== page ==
After eating breakfast, Andrew is led away from the kitchen. He suddenly stops in his tracks and starts whining. His Dad senses that Andrew wants to wash his hands, since Andrew loves water and enjoys washing up after eating. His Dad reacts, "Andrew, Tell me what you want. " Andrew continues whining. His Dad follows by showing Andrew his enhanced natural gesture for "hand washing" which consists of rubbing his hands together as if washing them. Andrew imitates and is immediately taken to wash his hands and play with the water. (Mand-model)

Every morning, Liz goes to her bookshelf and brings back a Sesame Street book she enjoys having read to her by her older brother Sean. One morning, Sean moves the book to a high shelf that is out of Liz's reach. After a brief period of unsuccessfully trying to climb the shelves to get to her book, Liz goes to her brother and produces the gesture for "book." Sean brings Liz back to the shelf, reaches up and grabs the book Liz wants, and then reads it to her. (Environmental sabotage)

Josh's ENG for the elevator at school is to make a twisting motion of his hand (he uses a key to operate the elevator). One day, while walking in the hall, Josh throws himself to the ground refusing to get up. It's obvious he is upset that he will not be using the elevator, which is incorrect on his part. His Aide says in a firm voice, "You need to tell me what's wrong Josh. Tell me what you want. " By now, Josh is writhing on the floor. Next, the Aide demonstrates the gesture for "key. " Josh immediately calms down and imitates the gesture. The Aide lets him hold the key as they make their way to the elevator. (Mand-model)

Ms. Smith passes plates of food to Sheila's two siblings after each request a helping of food. She then turns to John, and places the plate over his outreached hands. She withdraws the plate, keeping John's hands in the same position they were in when he was holding the plate. Ms. Smith remarks enthusiastically, "Look John, you're telling me you want your plate, too. " She places the plate in his hands, keeping John's hands in the same position. Later in the meal, Ms. Smith repeats this routine to encourage John to use this ENG to ask for a second helping of food. (Mold-shape)

The second part of the pretest required participants to describe how they could use each of the techniques to teach a child an ENG for "bicycle." Participants were required to score 80% or higher on the pre-test to move on to phase four of the program. Incorrect responses were reviewed with examinees and further instruction was provided by the investigator as necessary. All of the participants passed the pretest without difficulty; scores ranged from 88% to 98% (M = 92%).

Phase 3 concluded by teaching the parents and observers how to record parents' uses of the different teaching methods and prompting levels in subsequent instruction with their children (see Figure 1). All participants were provided opportunities to practice using the form with the investigator until they were at least 90% accurate across ten consecutive trials in making these judgments. This involved presenting a series of scenarios in which they had to enter data on their respective forms. Examples continued until each participant met the criterion. A maximum of 16 scenarios was presented for one participant to meet the criterion.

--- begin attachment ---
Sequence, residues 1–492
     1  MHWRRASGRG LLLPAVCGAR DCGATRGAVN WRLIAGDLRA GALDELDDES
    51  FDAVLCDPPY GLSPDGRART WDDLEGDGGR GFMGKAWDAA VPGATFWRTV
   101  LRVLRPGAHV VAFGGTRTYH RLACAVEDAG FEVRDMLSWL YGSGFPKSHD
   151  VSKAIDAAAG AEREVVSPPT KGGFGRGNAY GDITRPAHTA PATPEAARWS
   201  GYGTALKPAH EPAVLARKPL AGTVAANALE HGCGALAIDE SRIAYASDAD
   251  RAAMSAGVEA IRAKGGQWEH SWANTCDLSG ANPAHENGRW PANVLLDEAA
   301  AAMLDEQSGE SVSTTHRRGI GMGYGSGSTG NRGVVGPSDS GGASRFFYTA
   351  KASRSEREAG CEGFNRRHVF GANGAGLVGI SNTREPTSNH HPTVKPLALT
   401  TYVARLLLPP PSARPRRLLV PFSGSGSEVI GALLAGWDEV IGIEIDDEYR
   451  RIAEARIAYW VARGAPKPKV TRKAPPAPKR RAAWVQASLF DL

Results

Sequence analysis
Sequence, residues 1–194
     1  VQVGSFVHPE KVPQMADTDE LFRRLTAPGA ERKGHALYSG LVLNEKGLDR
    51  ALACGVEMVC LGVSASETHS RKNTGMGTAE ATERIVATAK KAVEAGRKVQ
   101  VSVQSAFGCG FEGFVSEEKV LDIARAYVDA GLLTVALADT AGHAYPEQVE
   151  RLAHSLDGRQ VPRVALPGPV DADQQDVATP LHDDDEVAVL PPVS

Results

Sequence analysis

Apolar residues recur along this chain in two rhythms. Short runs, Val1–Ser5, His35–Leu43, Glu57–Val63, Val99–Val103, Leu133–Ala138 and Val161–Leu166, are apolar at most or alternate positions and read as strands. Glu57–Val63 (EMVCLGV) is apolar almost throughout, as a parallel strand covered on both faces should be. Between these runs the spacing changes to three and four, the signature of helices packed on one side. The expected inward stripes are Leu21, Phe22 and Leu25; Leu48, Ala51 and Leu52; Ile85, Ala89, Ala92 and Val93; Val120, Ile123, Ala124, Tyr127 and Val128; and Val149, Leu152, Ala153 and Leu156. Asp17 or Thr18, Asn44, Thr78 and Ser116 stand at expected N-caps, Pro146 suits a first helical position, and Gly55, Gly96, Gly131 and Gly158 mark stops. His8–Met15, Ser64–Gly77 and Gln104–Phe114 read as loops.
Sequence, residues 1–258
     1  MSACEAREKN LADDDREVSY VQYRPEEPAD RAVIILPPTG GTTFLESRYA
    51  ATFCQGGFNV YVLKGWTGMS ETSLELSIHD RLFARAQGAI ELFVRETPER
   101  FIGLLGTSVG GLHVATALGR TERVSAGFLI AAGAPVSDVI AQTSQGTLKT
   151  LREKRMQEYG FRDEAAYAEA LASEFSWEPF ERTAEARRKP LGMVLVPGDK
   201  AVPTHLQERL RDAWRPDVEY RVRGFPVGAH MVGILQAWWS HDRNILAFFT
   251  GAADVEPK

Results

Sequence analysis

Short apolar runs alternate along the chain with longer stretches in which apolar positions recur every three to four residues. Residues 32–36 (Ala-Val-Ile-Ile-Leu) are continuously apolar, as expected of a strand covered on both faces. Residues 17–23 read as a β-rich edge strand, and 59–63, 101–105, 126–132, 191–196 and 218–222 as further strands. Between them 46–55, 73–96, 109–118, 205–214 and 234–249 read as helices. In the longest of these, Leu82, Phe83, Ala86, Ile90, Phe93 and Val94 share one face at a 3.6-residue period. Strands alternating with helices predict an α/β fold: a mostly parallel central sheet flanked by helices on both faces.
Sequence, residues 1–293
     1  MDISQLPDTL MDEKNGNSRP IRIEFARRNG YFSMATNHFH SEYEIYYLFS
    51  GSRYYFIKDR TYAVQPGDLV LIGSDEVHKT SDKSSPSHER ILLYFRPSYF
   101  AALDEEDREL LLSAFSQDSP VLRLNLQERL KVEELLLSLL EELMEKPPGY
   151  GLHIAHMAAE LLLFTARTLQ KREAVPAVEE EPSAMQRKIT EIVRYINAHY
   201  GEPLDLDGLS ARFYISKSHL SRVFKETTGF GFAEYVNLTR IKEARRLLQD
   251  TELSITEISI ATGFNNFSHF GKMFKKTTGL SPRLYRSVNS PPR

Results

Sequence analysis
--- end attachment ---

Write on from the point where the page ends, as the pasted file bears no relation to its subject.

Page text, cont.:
Phase Four

Over the next 2 to 4 weeks, parents invited their respective observers to their homes on three occasions to share feedback on each parent's use of the four teaching methods. Parents and observers filled out the monitoring form (see Figure 1) concurrently, as the parent and child interacted in a minimum of three situations. They then discussed their findings. Parents decided when they were familiar enough with the teaching protocols to "go off on their own" without further direct assistance from their observers. In all cases, this occurred immediately following the third visit by the observer.

Three families stated that formal data collection made them more confident in their abilities to recognize and implement the various teaching methods and prompts. However, all nine families (including the preceding three) and their respective observers indicated that it was difficult to use this form and interact naturally with their children concurrently. Despite its perceived benefits, five parents opted to discontinue using this form for the duration of the project. They felt they could interact more naturally with their children if liberated from this task of data collection.

Since the informed consent procedure provided all participants the right to withdraw from all or any part of this investigation at any time, the parents' wishes were honored and this component of data collection was terminated for all of the families. This left the qualitative measure, the Acceptability Rating Form, as the primary means of examining the feasibility of ENG instruction.

Over the next 12 to 14 weeks of Phase 4 (having already practiced the various teaching techniques the previous two to four-weeks), parents continued teaching their children to use ENGs. The investigator and observers remained "on call" by phone or e-mail in the event that parents required further assistance. None of the families requested further assistance. Three families emailed the investigator; one did so on two occasions. Correspondences from families shared observations and feedback but did not request additional instruction from the investigator.